In State v. Jardinez, the Court of Appeals held that a community corrections officer’s (CCO) review of video on a parolee’s iPod Nano violated the parolee’s constitutional rights because the CCO did not have a reasonable suspicion based on articulated facts that the iPod Nano contained evidence of past, present or future criminal conduct or violations of the parolee’s conditions of release.
The defendant Felipe Jardinez was an parole for Drive-By Shooting and Unlawful Possession of a Firearm Second Degree. He served prison time followed by 18 months of community supervision. The conditions of community custody included requirements to report to his CCO, refrain from possessing controlled substances and refrain from possessing firearms.
On November 3,2011, Felipe lardinez missed a scheduled meeting with his CCO. The CCO called Jardinez. The two scheduled to meet the next day. During the appointment, Martinez asked Jardinez to submit to a urinalysis test. Jardinez admitted that the test would show marijuana use.
The CCO instructed Jardinez to empty his pockets. Jardinez placed an iPod Nano onto a desk. The CCO was interested in the iPod because parolees occasionally take pictures of themselves with other gang members or “doing something they shouldn’t be doing.” When the CCO handled the iPod, Jardinez appeared nervous. Nevertheless, the CCO lacked facts that the iPod video player would show evidence of a crime or violation of the conditions of the defendant’s community custody.
The CCO accessed the iPod. He found a video recorded earlier that morning. The CCO played the video. It showed Jardinez pumping a shotgun in his bedroom. Jardinez was arrested. Police searched his home and found the shotgun seen in Jardinez’s iPod video.
Jardinez was charged with Unlawful Possession of a Firearm First Degree. Jardinez moved to suppress the evidence obtained through the CCO’s search of his iPod, and all evidence seized as a result of law enforcement officers searching his home as the spoiled fruit of the unlawful viewing of the video on his iPod.
The trial court granted Felipe Jardinez’s motion to suppress. The court concluded that a warrantless search of the iPod would be justified only if the CCO had a reasonable suspicion based on articulated facts that the device contained evidence of past, present or future criminal conduct or violations of the defendant’s conditions of community custody. The case went up on appeal.
At issue was whether the CCO had legal authority to search the content of Jardinez’s iPod when the CCO did not expect the search to yield evidence related to either of the known parole violations, Jardinez’s failure to appear, or his marijuana use.
The Court of Appeals reasoned that unless an exception is present, a warrantless search is impermissible under both article I, section 7 of the Washington Constitution and the Fourth Amendment to the U.S. Constitution. A trial court may suppress evidence seized from an illegal search under the Exclusionary Rule or the Fruit of the Poisonous Tree Doctrine.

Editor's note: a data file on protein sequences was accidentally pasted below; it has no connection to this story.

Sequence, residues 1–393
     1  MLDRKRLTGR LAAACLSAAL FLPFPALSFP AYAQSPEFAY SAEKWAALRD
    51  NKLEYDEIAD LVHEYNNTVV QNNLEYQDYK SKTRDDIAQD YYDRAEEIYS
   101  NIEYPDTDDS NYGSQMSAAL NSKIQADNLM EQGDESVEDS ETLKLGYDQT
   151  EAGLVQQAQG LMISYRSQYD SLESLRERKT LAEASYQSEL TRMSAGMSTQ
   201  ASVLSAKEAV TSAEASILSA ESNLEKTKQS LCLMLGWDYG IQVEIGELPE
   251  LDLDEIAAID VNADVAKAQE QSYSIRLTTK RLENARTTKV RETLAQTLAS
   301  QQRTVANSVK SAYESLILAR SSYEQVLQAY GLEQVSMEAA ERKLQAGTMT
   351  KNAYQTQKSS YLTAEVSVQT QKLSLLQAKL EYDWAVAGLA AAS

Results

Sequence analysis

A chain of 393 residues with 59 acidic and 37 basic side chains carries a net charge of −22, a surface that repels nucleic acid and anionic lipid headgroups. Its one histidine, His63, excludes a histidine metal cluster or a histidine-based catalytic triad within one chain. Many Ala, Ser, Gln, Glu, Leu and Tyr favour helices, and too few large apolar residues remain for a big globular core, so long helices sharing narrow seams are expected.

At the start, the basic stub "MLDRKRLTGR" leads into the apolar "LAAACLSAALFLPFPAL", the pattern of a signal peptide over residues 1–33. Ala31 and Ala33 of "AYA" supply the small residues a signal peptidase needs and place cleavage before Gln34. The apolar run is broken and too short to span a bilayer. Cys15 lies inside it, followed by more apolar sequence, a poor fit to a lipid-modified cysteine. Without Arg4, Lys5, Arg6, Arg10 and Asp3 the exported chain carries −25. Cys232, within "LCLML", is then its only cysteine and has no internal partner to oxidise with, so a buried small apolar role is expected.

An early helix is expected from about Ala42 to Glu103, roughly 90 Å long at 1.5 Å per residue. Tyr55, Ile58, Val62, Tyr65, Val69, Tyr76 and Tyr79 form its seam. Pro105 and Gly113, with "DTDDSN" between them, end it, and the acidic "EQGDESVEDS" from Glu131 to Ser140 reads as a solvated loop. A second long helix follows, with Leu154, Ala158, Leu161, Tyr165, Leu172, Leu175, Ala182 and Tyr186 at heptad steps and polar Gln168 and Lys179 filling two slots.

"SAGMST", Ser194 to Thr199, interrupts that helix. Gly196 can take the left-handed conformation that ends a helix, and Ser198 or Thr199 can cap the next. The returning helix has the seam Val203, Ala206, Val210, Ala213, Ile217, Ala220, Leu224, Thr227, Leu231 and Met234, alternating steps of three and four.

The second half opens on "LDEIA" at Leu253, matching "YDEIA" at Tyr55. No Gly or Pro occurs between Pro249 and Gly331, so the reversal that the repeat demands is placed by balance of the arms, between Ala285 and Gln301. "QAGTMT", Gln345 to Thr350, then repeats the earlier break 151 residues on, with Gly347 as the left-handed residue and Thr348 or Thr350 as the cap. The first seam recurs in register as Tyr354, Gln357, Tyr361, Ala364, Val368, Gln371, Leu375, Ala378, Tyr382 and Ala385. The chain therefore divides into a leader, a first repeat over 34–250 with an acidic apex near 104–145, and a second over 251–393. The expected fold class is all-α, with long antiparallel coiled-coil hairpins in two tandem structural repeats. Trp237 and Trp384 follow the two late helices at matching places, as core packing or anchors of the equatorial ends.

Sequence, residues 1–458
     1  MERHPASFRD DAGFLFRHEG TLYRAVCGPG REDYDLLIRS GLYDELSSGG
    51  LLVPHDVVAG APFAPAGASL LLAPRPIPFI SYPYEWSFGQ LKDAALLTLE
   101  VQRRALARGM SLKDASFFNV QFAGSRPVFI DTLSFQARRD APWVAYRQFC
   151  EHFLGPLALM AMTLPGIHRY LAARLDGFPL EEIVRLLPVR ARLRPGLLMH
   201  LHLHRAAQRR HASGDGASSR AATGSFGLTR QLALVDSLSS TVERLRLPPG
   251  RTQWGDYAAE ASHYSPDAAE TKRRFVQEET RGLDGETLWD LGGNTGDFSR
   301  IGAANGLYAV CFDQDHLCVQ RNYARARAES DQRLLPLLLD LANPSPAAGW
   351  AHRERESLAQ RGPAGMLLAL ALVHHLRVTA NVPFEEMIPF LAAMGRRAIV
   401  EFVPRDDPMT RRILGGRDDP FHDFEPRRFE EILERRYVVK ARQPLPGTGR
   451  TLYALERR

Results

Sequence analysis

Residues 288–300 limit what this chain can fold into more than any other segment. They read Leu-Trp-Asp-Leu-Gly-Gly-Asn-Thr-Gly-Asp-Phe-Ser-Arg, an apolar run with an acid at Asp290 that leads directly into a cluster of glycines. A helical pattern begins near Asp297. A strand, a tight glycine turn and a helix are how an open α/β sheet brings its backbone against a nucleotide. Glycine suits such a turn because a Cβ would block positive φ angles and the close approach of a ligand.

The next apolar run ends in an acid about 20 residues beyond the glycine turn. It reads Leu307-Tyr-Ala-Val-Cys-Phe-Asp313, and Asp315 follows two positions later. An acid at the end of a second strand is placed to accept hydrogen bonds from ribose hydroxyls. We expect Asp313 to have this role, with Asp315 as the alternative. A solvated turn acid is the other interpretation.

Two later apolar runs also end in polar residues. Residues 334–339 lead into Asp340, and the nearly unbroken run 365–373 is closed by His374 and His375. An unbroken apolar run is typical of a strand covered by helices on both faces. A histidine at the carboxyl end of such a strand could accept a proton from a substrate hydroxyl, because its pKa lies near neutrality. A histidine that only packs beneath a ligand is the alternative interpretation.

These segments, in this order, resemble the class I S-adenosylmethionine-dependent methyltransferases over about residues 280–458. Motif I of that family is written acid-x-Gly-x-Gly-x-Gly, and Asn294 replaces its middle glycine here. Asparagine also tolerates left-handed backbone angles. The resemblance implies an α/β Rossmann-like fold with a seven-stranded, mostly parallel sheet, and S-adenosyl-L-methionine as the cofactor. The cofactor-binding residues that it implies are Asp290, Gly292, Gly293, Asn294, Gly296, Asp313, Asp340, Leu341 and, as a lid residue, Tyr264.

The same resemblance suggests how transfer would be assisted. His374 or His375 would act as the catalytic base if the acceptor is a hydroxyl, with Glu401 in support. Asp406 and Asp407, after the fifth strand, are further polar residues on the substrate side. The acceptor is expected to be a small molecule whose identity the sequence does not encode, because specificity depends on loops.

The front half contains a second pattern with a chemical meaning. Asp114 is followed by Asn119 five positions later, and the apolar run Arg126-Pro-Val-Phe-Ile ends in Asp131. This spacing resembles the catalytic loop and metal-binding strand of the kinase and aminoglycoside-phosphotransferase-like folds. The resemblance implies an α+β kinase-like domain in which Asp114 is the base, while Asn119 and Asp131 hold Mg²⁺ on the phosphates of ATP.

The Court further reasoned that Washington law recognizes that probationers and parolees have a diminished right of privacy that permits a warrantless search based on probable cause. Parolees and probationers have diminished privacy rights because they are persons whom a court has sentenced to confinement but who are serving their time outside the prison walls. Therefore, the State may supervise and scrutinize a probationer or parolee closely. Nevertheless, this diminished expectation of privacy is constitutionally permissible only to the extent necessitated by the legitimate demands of the operation of the parole process.
RCW 9.94A.631 provides exceptions to the warrant requirement. RCW 9.94A.631(1) reads:
If an offender violates any condition or requirement of a sentence, a community corrections officer may arrest or cause the arrest of the offender without a warrant, pending a determination by the court or by the department. If there is reasonable cause to believe that an offender has violated a condition or requirement of the sentence, a community corrections officer may require an offender to submit to a search and seizure of the offender’s person, residence, automobile, or other personal property.
Also, the Court based its decision principally upon the Sentencing Guidelines Commission’s comment about RCW 9.94A.631(1). The Commission wrote as its official comment behind the statute:
The Commission intends that Community Corrections Officers exercise their arrest powers sparingly, with due consideration for the seriousness of the violation alleged and the impact of confinement on jail population. Violations may be charged by the Community Corrections Officer upon notice of violation and summons, without arrest. The search and seizure authorized by this section should relate to the violation which the Community Corrections Officer believes to have occurred.
Based on the court’s reading of the statute and its counterpart comment, it found RCW 9.94A.631 did not authorize the CCO’s warrantless search of the contents of Jardinez’s iPod. It affirmed the trial court’s suppression of the evidence of Felipe Jardinez’s unlawful possession of a firearm.
My opinion? Good decision. I’ve posted similar blogs stating that CCO’s and probation officers exercise too much power over defendants. This certainly is one of those cases.
Please contact my office if you, a friend or family member are charged with a crime. Hiring an effective and competent defense attorney is the first and best step toward justice.